Mr. Fords Finance Minister, Vic Fedeli, introduced a bill in the Ontario Legislature on Monday that would terminate the 2015 deal signed by the previous Liberal government with the quasi-monopoly Beer Store, which is primarily owned by the foreign brewing giants behind Labatt, Molson and Sleeman and operates 445 outlets across the province. Negotiations between the government and Beer Store are expected to continue, but Mr. Fedeli is escalating the fight by giving the Progressive Conservatives the power to unilaterally transform a retail network first launched in 1927.

While tabling today's bill, Finance Minister Vic Fedeli said the current system is a monopoly that is a bad deal for consumers and businesses.

The legislation comes after the province's special adviser on alcohol delivered a report Friday to Fedeli on ways to improve consumer choice and convenience.

Premier Doug Ford has indicated he plans to put beer and wine in corner stores, but he has to break that agreement to do so and the industry has warned that could trigger steep financial penalties.

The Tories also announced a number of loosened alcohol restrictions in last month's budget, including allowing alcohol to be served at 9 a.m., seven days a week, letting people consume booze in parks, and legalizing tailgating parties near sports events.

The Progressive Conservative government has tabled legislation that would terminate a contract with The Beer Store. The move would pave the way for beer in corner stores.

Meanwhile, there's been a swift reaction from Labatt Brewing Company Limited and Molson Canada 2005 to the legislation tabled Monday. 

CBC Toronto obtained a copy of a lawyers' letter from Labatt  and Molson putting the government on notice of a potential legal challenge to the beer legislation. Blake, Cassels and Graydon LLP represent Labatt, while Molson is represented by Gowling WLG.

“The province’s current beer distribution is owned by three global giants who were handed a sweetheart deal by the previous government and who are more interested in protecting profits than providing convenience and choice for average people. It’s a monopoly that’s a bad deal for consumers and businesses and is deeply unfair to the people of Ontario.”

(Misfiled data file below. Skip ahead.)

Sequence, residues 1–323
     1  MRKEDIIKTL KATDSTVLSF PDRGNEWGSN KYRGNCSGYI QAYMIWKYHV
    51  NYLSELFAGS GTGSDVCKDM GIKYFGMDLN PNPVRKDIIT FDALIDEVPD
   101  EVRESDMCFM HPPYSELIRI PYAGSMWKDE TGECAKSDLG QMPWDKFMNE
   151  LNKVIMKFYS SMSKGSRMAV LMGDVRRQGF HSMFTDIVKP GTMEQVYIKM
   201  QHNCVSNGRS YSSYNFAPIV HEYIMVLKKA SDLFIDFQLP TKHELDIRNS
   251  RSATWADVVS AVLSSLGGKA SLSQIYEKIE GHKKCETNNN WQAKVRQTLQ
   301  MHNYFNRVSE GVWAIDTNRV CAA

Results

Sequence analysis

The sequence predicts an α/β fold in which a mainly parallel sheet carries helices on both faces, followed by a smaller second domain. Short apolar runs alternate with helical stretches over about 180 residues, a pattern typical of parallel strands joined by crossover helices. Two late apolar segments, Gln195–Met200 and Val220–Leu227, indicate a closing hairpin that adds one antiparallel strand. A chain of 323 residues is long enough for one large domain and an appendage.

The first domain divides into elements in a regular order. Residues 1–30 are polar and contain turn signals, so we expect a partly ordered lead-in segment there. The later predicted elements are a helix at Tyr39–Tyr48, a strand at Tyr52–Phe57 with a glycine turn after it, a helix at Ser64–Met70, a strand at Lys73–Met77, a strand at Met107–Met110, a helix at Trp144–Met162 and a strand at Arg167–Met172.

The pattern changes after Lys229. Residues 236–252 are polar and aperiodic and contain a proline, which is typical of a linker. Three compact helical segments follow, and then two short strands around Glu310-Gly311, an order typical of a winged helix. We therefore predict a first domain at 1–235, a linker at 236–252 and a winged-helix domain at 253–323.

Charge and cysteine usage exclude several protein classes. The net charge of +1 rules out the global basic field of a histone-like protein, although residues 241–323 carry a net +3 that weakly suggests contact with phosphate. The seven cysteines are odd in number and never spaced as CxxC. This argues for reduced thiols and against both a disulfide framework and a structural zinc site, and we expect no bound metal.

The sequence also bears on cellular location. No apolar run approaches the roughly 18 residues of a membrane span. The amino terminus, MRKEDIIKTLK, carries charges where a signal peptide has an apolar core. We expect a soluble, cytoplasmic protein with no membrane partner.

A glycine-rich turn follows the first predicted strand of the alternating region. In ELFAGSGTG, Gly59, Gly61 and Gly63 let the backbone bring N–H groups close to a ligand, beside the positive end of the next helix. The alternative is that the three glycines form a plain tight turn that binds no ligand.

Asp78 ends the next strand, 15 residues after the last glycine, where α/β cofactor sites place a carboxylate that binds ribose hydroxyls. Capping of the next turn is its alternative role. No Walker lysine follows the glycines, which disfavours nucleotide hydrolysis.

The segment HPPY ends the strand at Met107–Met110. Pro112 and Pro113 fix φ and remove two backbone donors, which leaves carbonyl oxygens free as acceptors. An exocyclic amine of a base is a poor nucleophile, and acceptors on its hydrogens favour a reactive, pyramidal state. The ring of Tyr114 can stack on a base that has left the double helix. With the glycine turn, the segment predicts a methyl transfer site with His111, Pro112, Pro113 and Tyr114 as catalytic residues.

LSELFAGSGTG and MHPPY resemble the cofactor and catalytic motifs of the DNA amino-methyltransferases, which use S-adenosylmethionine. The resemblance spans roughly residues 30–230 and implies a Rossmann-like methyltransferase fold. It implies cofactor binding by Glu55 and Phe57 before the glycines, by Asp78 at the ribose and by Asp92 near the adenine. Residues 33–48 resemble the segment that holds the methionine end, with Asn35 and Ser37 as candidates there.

In the letter, the lawyers note that the 2015 Master Framework Agreement was negotiated with the province to enhance customer convenience, choice and shopping experience, while ensuring that customers in Ontario can purchase beer at prices below the Canadian average, and to enhance the beer retailing system for all brewers selling beer in Ontario.

"The Bill will destroy those benefits, legislate 7,000 Ontario-based The Beer Store employees out of work and cause billions of dollars in damages … and result in higher costs and prices for consumers," the lawyers wrote.

Doug Ford promised no one would lose their jobs as a result of his policies, Union President John Nock said. And now hes cancelling contacts, creating chaos and kicking good jobs to the curb. We will fight this government and this premier to keep our jobs and to save the taxpayers the billions Ford is willing to pay to put beer in corner stores.

According to the lawyers, their clients are "significant employers" in Ontario and across Canada and have invested significantly in Ontario.

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The lawyers say their clients "reserve the right to commence litigation to challenge the Bill, and seek compensation, including on the basis that the legislative process has been improperly used by third party interests, the Bill is unconstitutional and constitutes misfeasance in public office by certain ministers and officials involved, and such other grounds as may be advised."

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Posted in Ontario